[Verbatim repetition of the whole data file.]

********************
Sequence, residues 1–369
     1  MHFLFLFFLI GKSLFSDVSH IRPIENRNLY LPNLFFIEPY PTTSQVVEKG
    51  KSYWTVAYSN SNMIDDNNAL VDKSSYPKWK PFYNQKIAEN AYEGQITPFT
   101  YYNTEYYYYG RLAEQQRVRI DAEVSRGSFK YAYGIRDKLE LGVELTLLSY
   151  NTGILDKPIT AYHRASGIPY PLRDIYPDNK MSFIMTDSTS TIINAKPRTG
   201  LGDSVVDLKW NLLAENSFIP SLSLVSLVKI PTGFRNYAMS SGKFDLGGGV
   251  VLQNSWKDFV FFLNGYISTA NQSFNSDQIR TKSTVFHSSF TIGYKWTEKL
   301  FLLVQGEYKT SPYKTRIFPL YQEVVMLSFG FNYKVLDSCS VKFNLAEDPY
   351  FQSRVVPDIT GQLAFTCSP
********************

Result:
Sequence, residues 1–369
     1  MHFLFLFFLI GKSLFSDVSH IRPIENRNLY LPNLFFIEPY PTTSQVVEKG
    51  KSYWTVAYSN SNMIDDNNAL VDKSSYPKWK PFYNQKIAEN AYEGQITPFT
   101  YYNTEYYYYG RLAEQQRVRI DAEVSRGSFK YAYGIRDKLE LGVELTLLSY
   151  NTGILDKPIT AYHRASGIPY PLRDIYPDNK MSFIMTDSTS TIINAKPRTG
   201  LGDSVVDLKW NLLAENSFIP SLSLVSLVKI PTGFRNYAMS SGKFDLGGGV
   251  VLQNSWKDFV FFLNGYISTA NQSFNSDQIR TKSTVFHSSF TIGYKWTEKL
   301  FLLVQGEYKT SPYKTRIFPL YQEVVMLSFG FNYKVLDSCS VKFNLAEDPY
   351  FQSRVVPDIT GQLAFTCSP